How to follow the solar eclipse of Monday, August 21

Next Monday, August 21, one of the most spectacular and anticipated astronomical events in recent years will take place: a Sun eclipse.

Often linked with conspiracy theories and, more specifically, with the possible arrival of the end of the world, the solar eclipse is an extraordinary event, which awakens interest and amazement throughout the world, although the cultures and beliefs are very different. If you want to enjoy the solar eclipse next Monday as much as possible, then we will tell you everything you need to know.

Keys not to miss the solar eclipse on Monday

For those younger, the first thing is to know what is a solar eclipseSurely when you know it, you will look forward to next Monday.

A solar eclipse consists of the "darkening" of the Sun, however, I write it in quotation marks because, although that is what it seems, it is not really. The eclipse of the sun occurs when the Moon is located right between the Sun and the Earth in such a way that it casts its shadow on our planet hiding behind her the star king.

The Moon is much smaller than the Sun however, since the star is four hundred times farther from the Earth than our satellite, it causes the visual sensation of covering the Sun completely. And it is that what will be produced next Monday, August 21, will be a total solar eclipse in certain areas of the planet, while in others its observation will be partial.

We already know what a solar eclipse consists of, but from what regions of the planet will the events be visible? How can we see it?

As we can see in the image above, the Moon will project a shadow and a penumbra on the Earth. There where it reaches the lunar shadow, the solar eclipse will be total, while in twilight areas, the solar eclipse will be partial. Obviously, given the spherical shape of the Earth, not the whole planet will be able to enjoy this astronomical event.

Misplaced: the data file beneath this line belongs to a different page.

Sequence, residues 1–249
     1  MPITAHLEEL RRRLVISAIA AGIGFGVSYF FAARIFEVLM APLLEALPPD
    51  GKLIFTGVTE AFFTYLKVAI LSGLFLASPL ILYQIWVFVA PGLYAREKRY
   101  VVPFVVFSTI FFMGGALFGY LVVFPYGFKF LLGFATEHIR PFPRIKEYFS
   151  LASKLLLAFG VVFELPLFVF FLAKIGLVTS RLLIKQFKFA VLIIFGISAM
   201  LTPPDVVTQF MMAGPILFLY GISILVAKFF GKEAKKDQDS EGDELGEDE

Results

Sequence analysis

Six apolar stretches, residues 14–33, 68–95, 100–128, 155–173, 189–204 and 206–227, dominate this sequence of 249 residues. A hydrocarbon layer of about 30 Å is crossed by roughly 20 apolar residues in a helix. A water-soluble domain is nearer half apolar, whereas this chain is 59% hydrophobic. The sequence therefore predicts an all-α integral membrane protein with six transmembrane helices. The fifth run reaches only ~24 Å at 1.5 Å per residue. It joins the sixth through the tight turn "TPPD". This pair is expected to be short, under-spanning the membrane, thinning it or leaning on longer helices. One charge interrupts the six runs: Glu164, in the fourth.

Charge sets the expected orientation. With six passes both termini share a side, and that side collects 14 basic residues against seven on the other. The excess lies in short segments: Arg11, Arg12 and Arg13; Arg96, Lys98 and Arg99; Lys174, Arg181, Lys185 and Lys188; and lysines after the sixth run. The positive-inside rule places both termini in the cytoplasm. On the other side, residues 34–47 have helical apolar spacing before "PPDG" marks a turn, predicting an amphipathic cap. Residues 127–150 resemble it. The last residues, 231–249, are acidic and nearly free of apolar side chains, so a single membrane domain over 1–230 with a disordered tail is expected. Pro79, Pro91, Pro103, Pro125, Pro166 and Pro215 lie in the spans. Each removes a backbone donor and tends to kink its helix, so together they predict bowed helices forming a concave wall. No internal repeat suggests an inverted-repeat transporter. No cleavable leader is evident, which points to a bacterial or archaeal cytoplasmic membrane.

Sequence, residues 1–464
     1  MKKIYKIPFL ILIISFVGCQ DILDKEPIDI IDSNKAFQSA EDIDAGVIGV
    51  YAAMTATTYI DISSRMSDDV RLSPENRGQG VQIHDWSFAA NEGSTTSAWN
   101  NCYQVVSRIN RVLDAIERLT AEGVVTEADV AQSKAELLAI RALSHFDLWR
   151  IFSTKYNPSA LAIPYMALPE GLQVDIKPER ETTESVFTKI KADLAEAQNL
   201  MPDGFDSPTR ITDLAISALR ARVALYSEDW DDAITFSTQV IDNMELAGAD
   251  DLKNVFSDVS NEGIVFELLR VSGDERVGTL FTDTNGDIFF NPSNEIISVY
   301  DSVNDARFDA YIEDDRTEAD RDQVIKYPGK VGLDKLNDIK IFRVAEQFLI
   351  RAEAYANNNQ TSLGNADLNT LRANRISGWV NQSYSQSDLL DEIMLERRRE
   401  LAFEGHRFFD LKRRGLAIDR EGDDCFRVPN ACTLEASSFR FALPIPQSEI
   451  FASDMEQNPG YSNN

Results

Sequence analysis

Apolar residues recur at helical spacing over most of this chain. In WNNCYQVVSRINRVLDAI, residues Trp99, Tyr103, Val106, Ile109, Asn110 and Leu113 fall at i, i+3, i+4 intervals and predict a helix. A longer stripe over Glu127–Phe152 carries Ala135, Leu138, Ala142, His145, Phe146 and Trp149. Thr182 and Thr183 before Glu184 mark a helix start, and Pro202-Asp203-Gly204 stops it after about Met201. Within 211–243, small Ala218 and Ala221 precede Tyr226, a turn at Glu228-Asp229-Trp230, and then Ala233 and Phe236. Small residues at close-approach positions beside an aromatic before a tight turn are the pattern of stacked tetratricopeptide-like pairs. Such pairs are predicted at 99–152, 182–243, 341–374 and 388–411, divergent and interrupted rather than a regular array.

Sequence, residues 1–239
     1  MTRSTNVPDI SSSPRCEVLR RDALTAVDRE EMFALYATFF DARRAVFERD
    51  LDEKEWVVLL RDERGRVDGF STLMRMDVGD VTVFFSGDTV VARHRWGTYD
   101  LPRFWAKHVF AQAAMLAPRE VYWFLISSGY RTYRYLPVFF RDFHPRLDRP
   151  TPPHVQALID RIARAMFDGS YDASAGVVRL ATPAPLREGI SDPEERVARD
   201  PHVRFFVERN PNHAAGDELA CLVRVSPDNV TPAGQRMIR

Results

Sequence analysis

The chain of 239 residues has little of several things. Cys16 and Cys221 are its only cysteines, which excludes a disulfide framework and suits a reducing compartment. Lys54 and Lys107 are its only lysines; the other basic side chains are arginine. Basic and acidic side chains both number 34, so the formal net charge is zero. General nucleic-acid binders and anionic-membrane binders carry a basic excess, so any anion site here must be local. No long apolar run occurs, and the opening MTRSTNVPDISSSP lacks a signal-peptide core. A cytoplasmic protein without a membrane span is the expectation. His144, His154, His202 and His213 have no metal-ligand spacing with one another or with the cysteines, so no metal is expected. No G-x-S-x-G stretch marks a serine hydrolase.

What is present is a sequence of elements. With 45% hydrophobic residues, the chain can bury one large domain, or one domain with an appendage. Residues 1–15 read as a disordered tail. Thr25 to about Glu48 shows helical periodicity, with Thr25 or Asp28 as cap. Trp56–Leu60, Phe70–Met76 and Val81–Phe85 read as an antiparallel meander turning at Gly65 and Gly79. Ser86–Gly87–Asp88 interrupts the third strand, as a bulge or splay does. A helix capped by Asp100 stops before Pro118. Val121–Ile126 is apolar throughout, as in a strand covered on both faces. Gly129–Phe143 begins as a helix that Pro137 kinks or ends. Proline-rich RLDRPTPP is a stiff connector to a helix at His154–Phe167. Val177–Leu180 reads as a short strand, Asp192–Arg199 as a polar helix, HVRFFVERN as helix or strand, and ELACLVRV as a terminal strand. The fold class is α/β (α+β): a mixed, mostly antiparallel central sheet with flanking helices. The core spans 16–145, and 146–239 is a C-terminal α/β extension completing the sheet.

The Moon's shadow will "touch" the Earth's surface first, at a point in the Pacific Ocean, and will penetrate ashore through Oregon (Northwest United States). From there, you will cross the entire country and leave it for the sea through South Dakota. The lunar shadow will disappear at sunset in the southern part of Cape Verde.

Therefore, the solar eclipse will be total in some areas of the United States; on the contrary, the event can only be partially observed in the rest of North America, Central America, northern part of South America, and western part of Europe, including Spain.

According to information provided by NASA, the Sun will be completely dark for a time that can reach two minutes and forty seconds, although this duration will depend on the exact point from which it is being observed.

In City of Mexico, the partial solar eclipse can be observed up to 38%, while in northern areas of the country such as Tijuana, the Sun will be hidden up to 65% of its surface.

Meanwhile, in Western Europe the solar eclipse will only be visible during the final phase and partially. In Spain, coinciding with the sunset of Monday, August 21, the great lucky ones will be those who reside in the northwest of the Iberian Peninsula (Galicia, León and Salamanca) as well as in the Canary Islands, where the event will start at 19:50 p.m. local time reaching its climax almost an hour later, at 20:40 p.m. local time, when the Moon could hide up to thirty percent of the Sun.


NASA has already warned that we should not look at the Sun directly during the solar eclipseInstead, we must do it indirectly through "projections" by, for example, a telescope on a white surface, or by looking through a telescope that has the appropriate filters:

NOT WORTH: look at the eclipse reflected in the water or through the clouds, or use smoked glass or welding screens, or polarized filters ...

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